Prejudice is a trait humans have retained from their evolutionary predecessors

March 18th, 2011 - 11:55 am ICT by ANI  

Washington, Mar 18 (ANI): A new study led by Yale researchers has found that the tendency to perceive others as ‘us versus them’ isn’t exclusively human but appears to be shared by our primate cousins.

In a series of ingenious experiments, Yale researchers led by psychologist Laurie Santos showed that monkeys treat individuals from outside their groups with the same suspicion and dislike as their human cousins tend to treat outsiders, suggesting that the roots of human intergroup conflict may be evolutionarily quite ancient.

“One of the more troubling aspects of human nature is that we evaluate people differently depending on whether they’re a member of our ‘ingroup’ or ‘outgroup,’” Santos said.

“Pretty much every conflict in human history has involved people making distinctions on the basis of who is a member of their own race, religion, social class, and so on.

The question we were interested in is: Where do these types of group distinctions come from?”

The answer, she adds, is that such biases have apparently been shaped by 25 million years of evolution and not just by human culture.

Santos and her lab studied the rhesus macaques living on an island off the coast of Puerto Rico. Like humans, monkeys in this population naturally form different social groups on the basis of family history. In order to assess whether monkeys made the same distinctions between ingroup and outgroup individuals, the researchers used a well-known tendency of animals to stare longer at novel or frightening things than at familiar or friendly things.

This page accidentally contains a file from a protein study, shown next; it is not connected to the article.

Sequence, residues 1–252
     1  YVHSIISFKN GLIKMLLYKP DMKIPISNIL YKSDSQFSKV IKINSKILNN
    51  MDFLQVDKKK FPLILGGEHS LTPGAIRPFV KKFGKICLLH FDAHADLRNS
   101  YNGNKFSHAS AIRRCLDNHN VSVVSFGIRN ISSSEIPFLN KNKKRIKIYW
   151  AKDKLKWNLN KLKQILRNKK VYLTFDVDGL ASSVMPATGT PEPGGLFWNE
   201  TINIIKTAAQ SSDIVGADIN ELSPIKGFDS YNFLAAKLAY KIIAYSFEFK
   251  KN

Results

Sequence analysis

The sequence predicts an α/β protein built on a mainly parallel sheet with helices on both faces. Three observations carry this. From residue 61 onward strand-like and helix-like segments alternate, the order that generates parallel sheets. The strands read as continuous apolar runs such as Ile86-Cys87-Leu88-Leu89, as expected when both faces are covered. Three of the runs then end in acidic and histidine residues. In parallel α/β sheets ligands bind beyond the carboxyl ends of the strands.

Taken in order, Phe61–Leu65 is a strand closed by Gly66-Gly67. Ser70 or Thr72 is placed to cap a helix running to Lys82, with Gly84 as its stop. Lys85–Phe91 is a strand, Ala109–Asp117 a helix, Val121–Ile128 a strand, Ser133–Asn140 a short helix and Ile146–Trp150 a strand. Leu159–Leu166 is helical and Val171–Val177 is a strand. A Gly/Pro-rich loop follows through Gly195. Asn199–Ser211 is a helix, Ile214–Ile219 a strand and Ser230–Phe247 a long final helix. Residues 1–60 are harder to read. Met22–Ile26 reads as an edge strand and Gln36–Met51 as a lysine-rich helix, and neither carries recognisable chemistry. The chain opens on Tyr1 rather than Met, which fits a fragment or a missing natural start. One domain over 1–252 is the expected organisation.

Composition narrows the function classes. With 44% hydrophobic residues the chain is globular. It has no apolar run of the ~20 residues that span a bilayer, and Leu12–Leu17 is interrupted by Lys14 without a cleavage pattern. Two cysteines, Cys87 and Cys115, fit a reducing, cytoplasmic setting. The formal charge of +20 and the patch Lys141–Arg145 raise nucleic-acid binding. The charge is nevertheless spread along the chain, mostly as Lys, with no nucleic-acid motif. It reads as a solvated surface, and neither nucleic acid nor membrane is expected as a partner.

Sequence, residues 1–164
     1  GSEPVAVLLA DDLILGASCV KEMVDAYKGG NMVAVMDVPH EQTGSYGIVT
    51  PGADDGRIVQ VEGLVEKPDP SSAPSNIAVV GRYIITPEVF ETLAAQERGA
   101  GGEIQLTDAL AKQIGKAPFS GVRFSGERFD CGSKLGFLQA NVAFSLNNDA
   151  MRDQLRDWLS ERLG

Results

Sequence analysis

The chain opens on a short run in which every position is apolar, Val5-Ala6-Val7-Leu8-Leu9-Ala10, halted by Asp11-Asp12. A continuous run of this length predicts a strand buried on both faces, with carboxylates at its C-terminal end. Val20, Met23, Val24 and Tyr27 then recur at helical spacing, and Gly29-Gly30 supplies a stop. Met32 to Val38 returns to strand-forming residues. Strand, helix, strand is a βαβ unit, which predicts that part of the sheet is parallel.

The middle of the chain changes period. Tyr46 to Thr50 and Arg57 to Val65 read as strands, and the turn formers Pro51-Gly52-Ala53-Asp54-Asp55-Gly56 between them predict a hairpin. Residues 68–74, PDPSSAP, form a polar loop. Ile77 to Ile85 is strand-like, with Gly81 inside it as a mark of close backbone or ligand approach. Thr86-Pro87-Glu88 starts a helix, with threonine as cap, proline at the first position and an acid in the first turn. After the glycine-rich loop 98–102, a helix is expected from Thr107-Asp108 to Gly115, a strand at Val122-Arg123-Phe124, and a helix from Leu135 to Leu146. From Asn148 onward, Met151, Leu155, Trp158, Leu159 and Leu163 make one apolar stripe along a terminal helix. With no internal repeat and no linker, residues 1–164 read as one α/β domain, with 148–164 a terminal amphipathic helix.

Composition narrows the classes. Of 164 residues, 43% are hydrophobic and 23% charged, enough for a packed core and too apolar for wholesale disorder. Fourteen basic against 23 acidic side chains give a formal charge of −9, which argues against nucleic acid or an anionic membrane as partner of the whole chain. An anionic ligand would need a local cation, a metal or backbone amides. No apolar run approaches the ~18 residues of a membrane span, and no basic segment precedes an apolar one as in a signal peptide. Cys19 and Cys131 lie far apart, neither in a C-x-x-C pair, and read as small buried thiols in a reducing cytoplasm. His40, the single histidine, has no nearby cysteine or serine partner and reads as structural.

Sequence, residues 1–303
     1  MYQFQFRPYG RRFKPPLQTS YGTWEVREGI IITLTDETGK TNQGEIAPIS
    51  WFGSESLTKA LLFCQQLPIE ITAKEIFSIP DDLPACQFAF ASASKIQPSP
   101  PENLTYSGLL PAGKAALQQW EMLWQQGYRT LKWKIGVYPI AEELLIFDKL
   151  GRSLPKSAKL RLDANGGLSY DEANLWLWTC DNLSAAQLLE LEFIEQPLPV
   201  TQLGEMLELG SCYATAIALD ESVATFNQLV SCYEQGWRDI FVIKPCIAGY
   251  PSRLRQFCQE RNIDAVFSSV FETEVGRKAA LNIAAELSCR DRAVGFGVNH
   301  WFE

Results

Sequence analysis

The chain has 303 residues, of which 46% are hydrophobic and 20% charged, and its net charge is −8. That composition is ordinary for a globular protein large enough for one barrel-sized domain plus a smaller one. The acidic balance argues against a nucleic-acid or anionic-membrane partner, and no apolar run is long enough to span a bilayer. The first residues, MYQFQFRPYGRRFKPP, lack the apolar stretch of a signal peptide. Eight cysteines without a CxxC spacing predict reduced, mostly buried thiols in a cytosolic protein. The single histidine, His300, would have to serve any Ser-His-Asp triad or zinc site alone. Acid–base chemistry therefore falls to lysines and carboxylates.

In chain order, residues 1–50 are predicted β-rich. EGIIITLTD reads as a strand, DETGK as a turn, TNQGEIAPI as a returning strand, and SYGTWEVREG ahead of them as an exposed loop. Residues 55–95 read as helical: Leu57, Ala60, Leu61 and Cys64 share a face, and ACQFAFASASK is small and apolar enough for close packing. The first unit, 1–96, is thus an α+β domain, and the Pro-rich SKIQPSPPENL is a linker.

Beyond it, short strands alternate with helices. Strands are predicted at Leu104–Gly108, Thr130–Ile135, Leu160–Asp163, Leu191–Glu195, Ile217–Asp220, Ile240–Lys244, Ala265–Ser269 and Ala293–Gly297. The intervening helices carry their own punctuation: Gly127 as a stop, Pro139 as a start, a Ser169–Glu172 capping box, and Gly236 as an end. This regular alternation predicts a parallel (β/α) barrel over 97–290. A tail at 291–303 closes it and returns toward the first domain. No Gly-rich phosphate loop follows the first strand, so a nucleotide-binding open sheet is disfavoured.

They presented subject monkeys with pictures of monkeys who were either in their social group or members of a different group. They found that monkeys stared longer at pictures of other monkeys who were outside their group, suggesting that monkeys spontaneously detect who is a stranger and who is a group member.

The Yale team’s results suggest that the distinctions humans make between ‘us’ and ‘them’- and therefore the roots of human prejudice-may date back at least 25 million years, when humans and rhesus macaques shared a common ancestor.

The findings are reported in the March issue of the Journal of Personality and Social Psychology. (ANI)

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